Hyper-Inflated Tech Stats Grow 217% Crazier
The tech industry is rife with over-the-top, groundless predictions and estimates. Try these on for size.
Every year we're treated to the baseless boast that "up to a billion people" -- one-seventh of the Earth's population -- watched the televised Academy Awards ceremony, even though this U.S.-centric event is lucky to draw a Nielsen-tabulated U.S. viewing audience of about 40 million. Where the other 960 million people are viewing from is anyone's guess. Perhaps Oscar pools are all the rage from Rangoon to Rio, but common sense suggests otherwise. Yet that billion-viewers number makes it into press coverage of the event annually.
Hollywood and its cheerleaders were never much for truth telling, but the IT industry is also prone to spreading its own statistical lies and damn lies, or at least presenting specious extrapolations and wild exaggerations as if they're fact. Several cases in point:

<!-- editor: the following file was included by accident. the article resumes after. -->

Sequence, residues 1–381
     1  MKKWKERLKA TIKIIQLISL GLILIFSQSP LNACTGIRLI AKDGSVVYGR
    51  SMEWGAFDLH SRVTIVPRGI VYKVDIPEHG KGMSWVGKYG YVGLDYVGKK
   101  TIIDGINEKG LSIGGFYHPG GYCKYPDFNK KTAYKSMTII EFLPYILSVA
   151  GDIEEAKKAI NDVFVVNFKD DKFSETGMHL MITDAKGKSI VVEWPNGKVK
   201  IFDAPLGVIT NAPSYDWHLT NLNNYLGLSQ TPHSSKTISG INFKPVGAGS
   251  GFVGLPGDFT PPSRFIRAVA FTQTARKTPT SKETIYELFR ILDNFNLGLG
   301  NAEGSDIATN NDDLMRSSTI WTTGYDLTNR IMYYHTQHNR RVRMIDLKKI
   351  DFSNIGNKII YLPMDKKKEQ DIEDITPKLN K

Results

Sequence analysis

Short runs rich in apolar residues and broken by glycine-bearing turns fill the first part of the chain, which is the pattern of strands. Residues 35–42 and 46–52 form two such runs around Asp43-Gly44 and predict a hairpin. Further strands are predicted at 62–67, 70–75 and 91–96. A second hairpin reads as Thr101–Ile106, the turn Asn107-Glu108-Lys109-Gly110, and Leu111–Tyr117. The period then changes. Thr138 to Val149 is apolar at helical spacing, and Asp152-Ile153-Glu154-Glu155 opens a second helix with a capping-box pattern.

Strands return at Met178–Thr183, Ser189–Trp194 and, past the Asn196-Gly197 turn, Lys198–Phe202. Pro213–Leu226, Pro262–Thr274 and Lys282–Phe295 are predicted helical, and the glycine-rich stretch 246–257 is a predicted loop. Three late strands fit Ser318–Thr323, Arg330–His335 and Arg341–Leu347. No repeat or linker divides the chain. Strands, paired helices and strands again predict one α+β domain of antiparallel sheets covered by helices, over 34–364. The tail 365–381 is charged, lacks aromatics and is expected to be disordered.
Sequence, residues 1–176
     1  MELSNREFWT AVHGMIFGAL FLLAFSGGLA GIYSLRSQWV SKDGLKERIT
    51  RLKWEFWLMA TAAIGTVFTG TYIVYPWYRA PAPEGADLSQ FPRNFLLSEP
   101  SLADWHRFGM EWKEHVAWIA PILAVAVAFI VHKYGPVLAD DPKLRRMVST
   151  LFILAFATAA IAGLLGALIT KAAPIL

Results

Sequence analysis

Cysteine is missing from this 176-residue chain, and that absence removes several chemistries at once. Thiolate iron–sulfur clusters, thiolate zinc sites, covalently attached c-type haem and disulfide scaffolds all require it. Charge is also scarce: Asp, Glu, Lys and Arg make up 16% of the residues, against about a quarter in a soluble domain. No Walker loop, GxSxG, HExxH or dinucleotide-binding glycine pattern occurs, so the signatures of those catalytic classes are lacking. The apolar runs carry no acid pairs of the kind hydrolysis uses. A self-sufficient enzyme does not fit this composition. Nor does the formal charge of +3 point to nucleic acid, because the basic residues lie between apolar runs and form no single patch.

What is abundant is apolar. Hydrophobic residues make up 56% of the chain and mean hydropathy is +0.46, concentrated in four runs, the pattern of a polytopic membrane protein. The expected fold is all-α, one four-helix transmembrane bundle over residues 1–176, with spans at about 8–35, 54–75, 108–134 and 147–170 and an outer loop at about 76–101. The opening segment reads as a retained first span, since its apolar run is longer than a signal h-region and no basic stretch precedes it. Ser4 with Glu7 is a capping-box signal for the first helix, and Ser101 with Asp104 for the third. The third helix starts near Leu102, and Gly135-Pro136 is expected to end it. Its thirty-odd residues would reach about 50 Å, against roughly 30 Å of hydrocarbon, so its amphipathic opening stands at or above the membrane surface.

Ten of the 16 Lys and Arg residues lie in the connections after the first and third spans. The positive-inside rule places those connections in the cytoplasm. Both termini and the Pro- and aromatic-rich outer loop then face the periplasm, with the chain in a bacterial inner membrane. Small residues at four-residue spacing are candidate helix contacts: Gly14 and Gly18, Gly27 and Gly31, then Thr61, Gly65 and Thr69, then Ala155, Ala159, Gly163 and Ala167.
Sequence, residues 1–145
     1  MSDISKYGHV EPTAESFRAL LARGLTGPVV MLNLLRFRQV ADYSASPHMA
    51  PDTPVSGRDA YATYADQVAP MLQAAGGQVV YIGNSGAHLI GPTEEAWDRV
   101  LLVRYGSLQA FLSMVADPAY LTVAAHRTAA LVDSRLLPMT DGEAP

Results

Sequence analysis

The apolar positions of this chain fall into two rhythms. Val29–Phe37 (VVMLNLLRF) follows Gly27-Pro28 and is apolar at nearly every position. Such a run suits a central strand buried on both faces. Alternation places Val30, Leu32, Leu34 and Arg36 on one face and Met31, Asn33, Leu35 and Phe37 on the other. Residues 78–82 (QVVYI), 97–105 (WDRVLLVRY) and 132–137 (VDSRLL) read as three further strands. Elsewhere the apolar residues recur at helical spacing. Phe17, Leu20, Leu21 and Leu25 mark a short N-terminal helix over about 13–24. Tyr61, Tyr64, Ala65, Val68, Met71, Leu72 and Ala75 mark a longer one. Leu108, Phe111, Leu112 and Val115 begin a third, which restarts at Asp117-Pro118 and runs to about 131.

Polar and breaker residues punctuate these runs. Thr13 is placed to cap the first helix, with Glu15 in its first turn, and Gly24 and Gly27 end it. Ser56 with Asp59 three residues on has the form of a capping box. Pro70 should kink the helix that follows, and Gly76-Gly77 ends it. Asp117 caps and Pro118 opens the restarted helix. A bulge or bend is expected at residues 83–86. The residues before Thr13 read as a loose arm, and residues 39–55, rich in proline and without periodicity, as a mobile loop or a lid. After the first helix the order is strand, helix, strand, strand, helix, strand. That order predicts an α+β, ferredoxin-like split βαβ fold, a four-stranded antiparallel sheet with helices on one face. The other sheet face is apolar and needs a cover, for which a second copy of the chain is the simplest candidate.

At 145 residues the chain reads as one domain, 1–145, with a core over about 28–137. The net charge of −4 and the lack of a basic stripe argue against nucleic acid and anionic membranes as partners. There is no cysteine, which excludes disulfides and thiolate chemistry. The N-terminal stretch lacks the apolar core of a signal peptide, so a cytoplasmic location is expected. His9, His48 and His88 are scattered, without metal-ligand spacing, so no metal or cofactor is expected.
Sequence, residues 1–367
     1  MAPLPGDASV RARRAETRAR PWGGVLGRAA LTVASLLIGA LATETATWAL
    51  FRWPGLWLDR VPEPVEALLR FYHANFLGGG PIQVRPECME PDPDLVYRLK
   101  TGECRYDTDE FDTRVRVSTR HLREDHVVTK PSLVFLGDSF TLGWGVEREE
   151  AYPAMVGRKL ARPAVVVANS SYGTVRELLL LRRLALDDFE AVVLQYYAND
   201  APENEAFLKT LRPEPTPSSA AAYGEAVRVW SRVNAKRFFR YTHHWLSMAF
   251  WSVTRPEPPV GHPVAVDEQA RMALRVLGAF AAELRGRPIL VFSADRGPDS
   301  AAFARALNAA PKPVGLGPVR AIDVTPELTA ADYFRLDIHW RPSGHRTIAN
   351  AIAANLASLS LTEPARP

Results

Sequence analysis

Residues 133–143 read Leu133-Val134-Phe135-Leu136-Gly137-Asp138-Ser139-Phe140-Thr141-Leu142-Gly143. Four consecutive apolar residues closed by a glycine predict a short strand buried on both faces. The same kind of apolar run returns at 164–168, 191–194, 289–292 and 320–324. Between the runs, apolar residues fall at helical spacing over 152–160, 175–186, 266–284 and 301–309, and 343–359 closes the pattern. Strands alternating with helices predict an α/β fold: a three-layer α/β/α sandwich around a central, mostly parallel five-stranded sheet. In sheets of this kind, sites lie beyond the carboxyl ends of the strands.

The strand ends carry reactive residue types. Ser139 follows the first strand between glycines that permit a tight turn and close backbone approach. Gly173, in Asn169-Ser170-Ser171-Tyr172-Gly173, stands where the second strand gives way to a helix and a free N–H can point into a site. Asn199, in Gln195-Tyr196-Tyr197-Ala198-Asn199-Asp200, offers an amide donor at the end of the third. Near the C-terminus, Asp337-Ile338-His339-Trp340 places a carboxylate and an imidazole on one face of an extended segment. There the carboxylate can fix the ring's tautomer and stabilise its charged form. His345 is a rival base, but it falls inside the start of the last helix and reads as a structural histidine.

-- A group of computer hackers, four of them Russian and one Ukrainian, inflicted "hundreds of millions of dollars" in financial harm on more than a dozen major companies over several years, according to an indictment announced on July 25 by the Justice Department, which characterized the alleged criminal enterprise as the largest of its kind ever prosecuted in the U.S.
While the feds cited a number of corporate victims -- 7-Eleven, Dow Jones, Euronet, Heartland Payment Systems, Hannaford, JCPenney, JetBlue, NASDAQ and Wet Seal among them -- they never did break down how they arrived at their multi-hundred-million-dollar cost estimate. They did, however, go out of their way to emphasize the Absolute Bigness of the information security threat in the most general terms.... Read full story on InformationWeek
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